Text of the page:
Great naturalist John Muir wrote in his memoirs: “Go where I would, east or west, north or south, I still plashed and rippled in flower-gems”. In 1868 he was privileged to see something that we won’t see anymore – the endless sea (400 miles long and 30 miles wide) of spring flowers of Central Valley in California. Nowadays nearly all of this unique grandeur is gone, meadows have been replaced by pastures, roads, and buildings.

The unfamiliar Californian grandeur

Most Californians and guests strive to visit Yosemite National Park, redwoods, Sonoran desert and other great natural attractions – there is plenty of choice. But there is one natural attraction which is often overlooked – Carrizo Plain.

To say “overlooked” is not entirely correct – plain has been studied extensively by scientists due to its unique geology and biology. But the beauty of this unusual plain is not exactly as touristy as the overwhelming greatness of Yosemite Valley.

Carrizo Plain wildflower meadows in moonlight, California
Carrizo Plain wildflower meadows in moonlight / Bill Bouton, / CC BY-SA 2.0

For the most part of the year enormous treeless plains around the unusual Soda Lake might seem somewhat monotonous and deserted. But it is not a desert – this vast area is the largest remaining natural grassland in California, the last remnant of the arid grasslands once covering the San Joaquin Valley. The unusual landscape is supplemented by San Andreas Fault – nowhere else this giant scar is expressed that well.

Carrizo Plain wildflower meadows in springtime, California
Carrizo Plain wildflower meadows in springtime / devra, / CC BY 2.0

If the weather during the winter has been favourable, in March – May the desolate plain is changing. Millions of bright flowers color the endless meadows. Walk between these two seemingly endless planes – the sky above and the bright carpet of flowers below – seems like being in another reality. (But stay in touch with the real world – beware of rattlesnakes, especially later, starting from late March!)

There are several species of wildflowers creating this grandeur: California goldfield (Lasthenia californica DC. ex Lindl.), lacy phacelia (Phacelia tanacetifolia Benth.), California poppies (Eschscholzia californica Cham.), tidy tips (Layia platyglossa ( Fisch. & C.A.Mey.) A.Gray) and numerous other species.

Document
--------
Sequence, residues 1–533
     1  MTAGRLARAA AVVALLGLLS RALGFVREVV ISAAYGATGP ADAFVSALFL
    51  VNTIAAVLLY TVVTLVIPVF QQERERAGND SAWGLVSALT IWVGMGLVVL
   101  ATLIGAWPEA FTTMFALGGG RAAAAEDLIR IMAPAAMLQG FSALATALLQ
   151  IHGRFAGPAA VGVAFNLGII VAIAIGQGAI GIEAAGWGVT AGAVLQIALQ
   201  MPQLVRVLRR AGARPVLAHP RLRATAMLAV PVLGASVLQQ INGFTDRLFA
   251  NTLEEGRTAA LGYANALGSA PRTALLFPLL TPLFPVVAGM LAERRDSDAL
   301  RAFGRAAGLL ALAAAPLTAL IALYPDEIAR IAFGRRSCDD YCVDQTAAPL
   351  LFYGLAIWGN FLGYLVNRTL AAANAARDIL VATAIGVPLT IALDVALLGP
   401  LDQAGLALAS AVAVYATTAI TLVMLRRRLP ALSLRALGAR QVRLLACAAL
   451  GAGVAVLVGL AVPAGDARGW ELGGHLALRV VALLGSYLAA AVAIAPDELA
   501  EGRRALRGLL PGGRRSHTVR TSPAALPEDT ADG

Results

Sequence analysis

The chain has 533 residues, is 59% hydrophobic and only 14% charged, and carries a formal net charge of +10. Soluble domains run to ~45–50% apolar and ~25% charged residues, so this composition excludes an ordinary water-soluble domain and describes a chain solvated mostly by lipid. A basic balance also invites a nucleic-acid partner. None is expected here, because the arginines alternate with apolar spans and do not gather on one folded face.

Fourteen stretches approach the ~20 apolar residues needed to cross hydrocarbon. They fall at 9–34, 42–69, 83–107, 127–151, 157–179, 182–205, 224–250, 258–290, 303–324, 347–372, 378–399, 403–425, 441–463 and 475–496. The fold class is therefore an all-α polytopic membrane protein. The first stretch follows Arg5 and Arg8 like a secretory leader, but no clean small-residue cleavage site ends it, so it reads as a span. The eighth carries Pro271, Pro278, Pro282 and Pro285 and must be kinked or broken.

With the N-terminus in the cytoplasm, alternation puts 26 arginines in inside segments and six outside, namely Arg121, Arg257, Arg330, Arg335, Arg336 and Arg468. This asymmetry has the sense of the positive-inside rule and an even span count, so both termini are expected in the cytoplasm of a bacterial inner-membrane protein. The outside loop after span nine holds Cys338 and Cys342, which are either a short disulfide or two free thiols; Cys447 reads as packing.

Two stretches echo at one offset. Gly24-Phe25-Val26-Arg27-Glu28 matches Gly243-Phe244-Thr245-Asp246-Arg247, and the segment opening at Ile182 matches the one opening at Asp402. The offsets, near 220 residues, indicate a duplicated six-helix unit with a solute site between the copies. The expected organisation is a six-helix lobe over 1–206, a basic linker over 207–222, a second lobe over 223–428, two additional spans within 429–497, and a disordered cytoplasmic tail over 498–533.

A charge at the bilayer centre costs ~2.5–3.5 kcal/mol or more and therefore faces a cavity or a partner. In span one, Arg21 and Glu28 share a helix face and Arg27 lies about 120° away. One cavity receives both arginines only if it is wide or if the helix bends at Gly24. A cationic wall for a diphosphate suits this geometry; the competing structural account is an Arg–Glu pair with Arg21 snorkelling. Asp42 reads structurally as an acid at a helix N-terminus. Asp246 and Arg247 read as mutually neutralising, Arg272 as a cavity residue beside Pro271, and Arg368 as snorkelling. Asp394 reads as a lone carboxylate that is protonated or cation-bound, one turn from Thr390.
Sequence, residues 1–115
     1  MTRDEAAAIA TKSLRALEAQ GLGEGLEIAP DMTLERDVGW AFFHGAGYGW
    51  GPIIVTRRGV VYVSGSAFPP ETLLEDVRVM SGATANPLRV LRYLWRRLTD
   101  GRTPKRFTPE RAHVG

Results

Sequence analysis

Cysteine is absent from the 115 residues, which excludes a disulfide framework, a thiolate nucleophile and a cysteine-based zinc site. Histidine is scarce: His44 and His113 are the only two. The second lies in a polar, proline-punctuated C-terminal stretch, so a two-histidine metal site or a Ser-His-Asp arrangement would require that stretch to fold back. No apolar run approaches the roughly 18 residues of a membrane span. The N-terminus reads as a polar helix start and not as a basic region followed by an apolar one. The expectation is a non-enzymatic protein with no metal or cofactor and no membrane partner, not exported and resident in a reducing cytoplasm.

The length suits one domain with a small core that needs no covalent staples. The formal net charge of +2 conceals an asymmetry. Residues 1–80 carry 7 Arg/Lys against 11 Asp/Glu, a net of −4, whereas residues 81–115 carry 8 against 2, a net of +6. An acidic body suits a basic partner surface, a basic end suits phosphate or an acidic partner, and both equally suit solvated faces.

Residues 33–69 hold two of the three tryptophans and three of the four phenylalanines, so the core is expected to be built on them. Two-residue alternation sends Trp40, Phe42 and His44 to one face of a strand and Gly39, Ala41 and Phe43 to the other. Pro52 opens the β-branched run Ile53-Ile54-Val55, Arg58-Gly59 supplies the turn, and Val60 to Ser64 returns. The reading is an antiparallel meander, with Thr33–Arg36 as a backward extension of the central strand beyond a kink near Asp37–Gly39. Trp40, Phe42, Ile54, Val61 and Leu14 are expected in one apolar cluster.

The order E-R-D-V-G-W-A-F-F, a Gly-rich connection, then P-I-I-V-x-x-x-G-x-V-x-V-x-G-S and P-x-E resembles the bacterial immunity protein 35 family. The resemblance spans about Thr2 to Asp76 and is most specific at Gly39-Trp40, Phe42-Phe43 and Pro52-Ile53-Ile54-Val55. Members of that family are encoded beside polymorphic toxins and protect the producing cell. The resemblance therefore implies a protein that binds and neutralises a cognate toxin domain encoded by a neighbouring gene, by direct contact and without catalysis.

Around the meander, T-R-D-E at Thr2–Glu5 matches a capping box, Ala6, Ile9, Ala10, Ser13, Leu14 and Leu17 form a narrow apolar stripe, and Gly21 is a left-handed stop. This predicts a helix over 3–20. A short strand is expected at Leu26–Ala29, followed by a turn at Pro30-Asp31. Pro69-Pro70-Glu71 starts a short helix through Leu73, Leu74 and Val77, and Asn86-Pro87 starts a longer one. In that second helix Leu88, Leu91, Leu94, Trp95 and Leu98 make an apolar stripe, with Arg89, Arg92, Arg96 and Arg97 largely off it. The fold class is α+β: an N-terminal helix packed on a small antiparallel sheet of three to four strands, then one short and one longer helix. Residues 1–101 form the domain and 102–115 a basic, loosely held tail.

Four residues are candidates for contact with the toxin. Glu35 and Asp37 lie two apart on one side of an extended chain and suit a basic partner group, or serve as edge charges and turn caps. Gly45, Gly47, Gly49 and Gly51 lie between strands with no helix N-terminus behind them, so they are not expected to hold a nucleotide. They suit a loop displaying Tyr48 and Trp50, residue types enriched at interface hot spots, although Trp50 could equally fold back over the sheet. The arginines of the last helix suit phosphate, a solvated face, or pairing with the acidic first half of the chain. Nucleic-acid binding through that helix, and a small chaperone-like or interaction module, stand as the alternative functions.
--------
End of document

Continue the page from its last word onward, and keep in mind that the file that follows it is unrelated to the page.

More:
Goldfields, Carrizo Plain wildflower meadows in California
Goldfields, Carrizo Plain wildflower meadows / Wikimedia Commons, user Antandrus, public domain

Biological richness of the Carrizo Plain is well illustrated by such find as diamond-petaled California poppy (Eschscholzia rhombipetala Greene). This small poppy was thought to be extinct until a happy discovery of this plant in the northern part of Carrizo Plain in 1992. There are numerous other rare and endemic plants in the plain and new finds are highly possible.

Carrizo Plain is declared a National Monument in 2001 but is continuously endangered by attempts to get the control over the land in order to begin a search of oil.

Thse meadows are included in the following list:

Top 10 locations of California poppy meadows and fields
Top 10 locations of California poppy meadows and fields


  1. Wildflowers and Sightseeing. Carrizo Plain National Monument, U.S. Department of the Interior, Bureau of Land Management. Accessed on February 25, 2010

Carrizo Plain wildflower meadows on the map

Travelers' Map is loading...
If you see this after your page is loaded completely, leafletJS files are missing.
Location, GPS coordinates:35.073229 N 119.65109 W
Rating:3 out of 5 stars (3 / 5)
Where is located?North America, United States, California, San Luis Obispo County, 170 km north-west from Los Angeles, 20 km south-west from Taft, several parts of Carrizo Plain, including south-eastern part
Alternate name:“California’s Serengeti”
Area:1,012 km2
Dominating species:Diverse, including goldfields (Lasthenia californica DC. ex Lindl.), California poppy (Eschscholzia californica Cham.) and numerous others.

Video of Carrizo Plain wildflower meadows

Ben Chu, April 2017

Landmarks of California

Golden Gate Bridge, California
Golden Gate Bridge / David Ohmer, / CC BY 2.0

Although California is one of states in the United States of America, Americans often compare it to a separate country, e.g. “if California would be a country, it would have the eighth largest economy in the world”. We can go on with this comparison – California has more landmarks and attractions than many large countries of the world.


This is not alien planet. Group of Dragon's Blood Trees in Socotra
This is not alien planet. Group of Dragon’s Blood Trees in Socotra. (possibly taken outside Rokeb di Firmihin) / Rod Waddington, / CC BY-SA 2.0

Biotope is rather small area with uniform environmental conditions and specific community of life. Wondermondo describes biotopes and ecosystems which have striking looks, look very beautiful or have other unusual characteristics.

Recommended books

Carrizo Plain National Monument

Another Place and Time: Voices from the Carrisa Plains

In the early- and mid-twentieth century the Carrisa Plains was a thriving agricultural community in central California. Today it holds only relics of this past: abandoned machinery, empty corrals, decaying homesteads, and a scattering of retired farmers and ranchers.

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